“The question is whether there can be real peace here,” said Tzachi Shickman, a Hebrew University student who attended Obama’s centerpiece speech Thursday at the International Convention Center in Jerusalem. “A Palestinian state could bring more attacks on us.”
Shickman’s ambivalence captures in microcosm the mix of hope and skepticism left behind by Obama’s visit to Israel and the Palestinian territories, his first as president. The trip concluded Saturday here in Jordan, where he visited the ancient rose-colored city of Petra, carved into the cliff sides of the country’s south.
Obama’s words often have stirred even skeptical foreign audiences, as they did during his June 2009 speech in Cairo.
That address, though, still sits
at the center of his uneasy relationship with Israel
, which he used this trip to try to repair. He pledged new funding for Israeli antimissile systems, reiterated his promise to stop Iran from developing a nuclear weapon and told Jews in a stilted if heartfelt Hebrew, “You are not alone.”
In a series of symbolic visits, Obama also celebrated the ancient Jewish connection to the land that now comprises its modern state. The acknowledgment served as a precursor to his unequivocal defense of Palestinian rights to dignity, freedom and statehood — words that brought a mostly young Israeli audience to its feet.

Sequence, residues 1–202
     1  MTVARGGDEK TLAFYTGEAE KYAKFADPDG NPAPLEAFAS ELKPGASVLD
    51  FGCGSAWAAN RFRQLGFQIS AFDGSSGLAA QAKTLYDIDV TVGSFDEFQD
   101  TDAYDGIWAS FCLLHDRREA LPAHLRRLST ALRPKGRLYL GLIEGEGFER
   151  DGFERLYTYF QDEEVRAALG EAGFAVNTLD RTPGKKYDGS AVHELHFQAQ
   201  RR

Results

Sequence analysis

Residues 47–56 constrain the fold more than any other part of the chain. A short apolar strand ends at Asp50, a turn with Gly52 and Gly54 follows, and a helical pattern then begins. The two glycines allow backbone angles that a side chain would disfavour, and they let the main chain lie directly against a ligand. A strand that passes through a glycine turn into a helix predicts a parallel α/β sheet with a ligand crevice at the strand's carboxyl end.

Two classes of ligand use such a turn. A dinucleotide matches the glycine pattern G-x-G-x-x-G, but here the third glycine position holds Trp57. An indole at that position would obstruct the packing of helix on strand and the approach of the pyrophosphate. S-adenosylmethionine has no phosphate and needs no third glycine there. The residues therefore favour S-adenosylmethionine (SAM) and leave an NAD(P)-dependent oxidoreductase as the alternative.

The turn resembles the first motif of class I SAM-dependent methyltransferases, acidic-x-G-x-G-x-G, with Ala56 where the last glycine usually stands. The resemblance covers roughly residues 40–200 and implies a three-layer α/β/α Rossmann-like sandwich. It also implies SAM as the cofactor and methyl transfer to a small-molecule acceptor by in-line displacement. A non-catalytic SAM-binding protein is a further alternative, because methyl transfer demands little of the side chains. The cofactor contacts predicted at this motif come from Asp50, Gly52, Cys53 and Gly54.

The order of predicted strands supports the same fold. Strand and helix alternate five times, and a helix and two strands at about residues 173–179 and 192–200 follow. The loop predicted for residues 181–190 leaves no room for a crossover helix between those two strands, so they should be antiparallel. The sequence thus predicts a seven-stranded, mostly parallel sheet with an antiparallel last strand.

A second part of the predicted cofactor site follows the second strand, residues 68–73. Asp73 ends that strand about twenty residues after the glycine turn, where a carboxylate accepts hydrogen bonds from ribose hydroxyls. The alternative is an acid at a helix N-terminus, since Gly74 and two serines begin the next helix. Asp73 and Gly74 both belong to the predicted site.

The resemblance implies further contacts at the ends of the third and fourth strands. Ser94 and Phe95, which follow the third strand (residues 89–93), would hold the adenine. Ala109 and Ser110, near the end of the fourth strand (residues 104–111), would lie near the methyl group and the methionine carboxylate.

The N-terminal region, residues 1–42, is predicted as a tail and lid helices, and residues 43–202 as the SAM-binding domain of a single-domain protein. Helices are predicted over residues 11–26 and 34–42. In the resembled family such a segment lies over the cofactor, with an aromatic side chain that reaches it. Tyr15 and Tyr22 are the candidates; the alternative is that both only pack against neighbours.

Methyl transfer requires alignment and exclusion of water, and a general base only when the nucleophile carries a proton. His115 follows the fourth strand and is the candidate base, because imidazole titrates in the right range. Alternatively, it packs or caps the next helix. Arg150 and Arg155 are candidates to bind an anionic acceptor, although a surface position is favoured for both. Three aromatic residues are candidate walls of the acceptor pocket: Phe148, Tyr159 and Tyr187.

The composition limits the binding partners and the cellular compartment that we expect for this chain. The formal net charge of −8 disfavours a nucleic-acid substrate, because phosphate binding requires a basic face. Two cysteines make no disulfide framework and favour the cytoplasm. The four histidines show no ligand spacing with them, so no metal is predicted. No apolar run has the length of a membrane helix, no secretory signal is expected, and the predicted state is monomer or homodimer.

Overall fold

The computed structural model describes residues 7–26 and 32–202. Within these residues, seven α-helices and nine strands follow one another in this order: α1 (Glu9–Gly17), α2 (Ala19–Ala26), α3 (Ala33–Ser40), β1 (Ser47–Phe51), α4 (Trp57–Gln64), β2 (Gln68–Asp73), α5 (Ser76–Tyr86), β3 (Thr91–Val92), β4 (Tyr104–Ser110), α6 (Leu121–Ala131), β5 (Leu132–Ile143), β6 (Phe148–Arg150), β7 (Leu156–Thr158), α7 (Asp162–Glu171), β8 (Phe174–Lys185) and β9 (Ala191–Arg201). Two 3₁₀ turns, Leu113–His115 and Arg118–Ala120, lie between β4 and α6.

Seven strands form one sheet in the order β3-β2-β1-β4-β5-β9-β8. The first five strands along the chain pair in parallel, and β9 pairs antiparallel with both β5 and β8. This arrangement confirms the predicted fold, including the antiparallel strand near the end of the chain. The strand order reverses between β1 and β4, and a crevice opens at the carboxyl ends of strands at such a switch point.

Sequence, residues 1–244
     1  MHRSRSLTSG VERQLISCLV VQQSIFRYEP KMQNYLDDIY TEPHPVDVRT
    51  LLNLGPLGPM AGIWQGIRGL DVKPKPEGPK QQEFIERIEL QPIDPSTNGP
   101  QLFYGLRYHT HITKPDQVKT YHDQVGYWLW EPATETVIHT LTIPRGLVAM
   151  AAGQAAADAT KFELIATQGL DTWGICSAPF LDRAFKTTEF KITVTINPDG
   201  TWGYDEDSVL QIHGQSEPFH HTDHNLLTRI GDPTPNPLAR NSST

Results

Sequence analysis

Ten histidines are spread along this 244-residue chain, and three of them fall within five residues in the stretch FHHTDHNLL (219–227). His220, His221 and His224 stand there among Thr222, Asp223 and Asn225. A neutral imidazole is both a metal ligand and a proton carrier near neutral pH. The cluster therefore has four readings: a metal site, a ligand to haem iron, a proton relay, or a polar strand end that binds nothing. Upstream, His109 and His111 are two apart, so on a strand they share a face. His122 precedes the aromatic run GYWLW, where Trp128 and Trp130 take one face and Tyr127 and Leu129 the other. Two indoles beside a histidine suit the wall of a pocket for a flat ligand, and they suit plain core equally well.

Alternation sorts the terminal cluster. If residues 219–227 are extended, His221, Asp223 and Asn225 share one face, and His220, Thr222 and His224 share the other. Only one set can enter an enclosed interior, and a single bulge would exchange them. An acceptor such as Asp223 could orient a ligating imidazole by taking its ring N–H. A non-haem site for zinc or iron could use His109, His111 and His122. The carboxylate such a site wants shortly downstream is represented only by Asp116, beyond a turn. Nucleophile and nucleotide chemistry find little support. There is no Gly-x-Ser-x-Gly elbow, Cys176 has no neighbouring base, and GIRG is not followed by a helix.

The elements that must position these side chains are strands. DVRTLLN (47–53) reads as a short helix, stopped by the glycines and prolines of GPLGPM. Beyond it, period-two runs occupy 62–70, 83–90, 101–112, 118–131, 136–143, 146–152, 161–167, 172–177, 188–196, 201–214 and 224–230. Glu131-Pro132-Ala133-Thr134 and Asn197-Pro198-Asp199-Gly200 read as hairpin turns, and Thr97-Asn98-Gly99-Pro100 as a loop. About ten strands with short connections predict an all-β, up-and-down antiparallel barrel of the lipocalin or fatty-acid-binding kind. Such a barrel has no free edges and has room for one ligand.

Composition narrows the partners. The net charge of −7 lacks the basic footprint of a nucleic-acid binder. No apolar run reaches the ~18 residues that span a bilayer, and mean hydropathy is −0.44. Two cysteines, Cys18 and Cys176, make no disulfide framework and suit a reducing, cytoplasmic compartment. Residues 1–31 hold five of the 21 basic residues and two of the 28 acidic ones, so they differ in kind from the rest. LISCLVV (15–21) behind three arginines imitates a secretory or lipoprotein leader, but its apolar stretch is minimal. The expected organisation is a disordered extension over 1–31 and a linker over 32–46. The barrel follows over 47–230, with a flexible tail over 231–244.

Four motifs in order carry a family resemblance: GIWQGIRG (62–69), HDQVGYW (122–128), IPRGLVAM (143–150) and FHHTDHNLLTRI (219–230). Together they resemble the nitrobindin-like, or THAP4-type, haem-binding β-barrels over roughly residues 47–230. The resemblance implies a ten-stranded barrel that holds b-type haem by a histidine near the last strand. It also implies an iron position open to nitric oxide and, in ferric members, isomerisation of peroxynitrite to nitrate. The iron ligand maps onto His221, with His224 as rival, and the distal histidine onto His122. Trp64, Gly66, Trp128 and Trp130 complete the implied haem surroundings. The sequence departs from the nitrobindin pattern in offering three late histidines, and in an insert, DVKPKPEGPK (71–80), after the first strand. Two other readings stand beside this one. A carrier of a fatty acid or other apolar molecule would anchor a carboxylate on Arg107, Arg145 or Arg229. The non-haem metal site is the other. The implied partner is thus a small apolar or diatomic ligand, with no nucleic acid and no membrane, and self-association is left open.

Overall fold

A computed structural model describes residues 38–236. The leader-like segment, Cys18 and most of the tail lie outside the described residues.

Obama must now transform the lingering doubts of students such as Shickman into a publicly supported Israeli-Palestinian peace process, one that will require both sides to sacrifice historically contested land and legal claims.
“No single step is going to erase years of history and propaganda,” Obama noted. “But progress with the Palestinians is a powerful way to begin, while sidelining extremists who thrive on conflict and thrive on division. It will make a difference.”
A deeply suspicious Israeli public, including Prime Minister Benjamin Netanyahu, appeared to receive Obama warmly throughout much of his visit, a tribute to the president’s skills in public diplomacy, if not always in the art of negotiation.
But Obama’s overall message here reflected a shift in his thinking about the best way to pursue a final resolution to the issues of borders, Palestinian refugee claims and the division of Jerusalem, which both peoples view as their capital. His first effort, initially more focused on pressuring Israel, ended unsuccessfully, even becoming a 2012 campaign issue.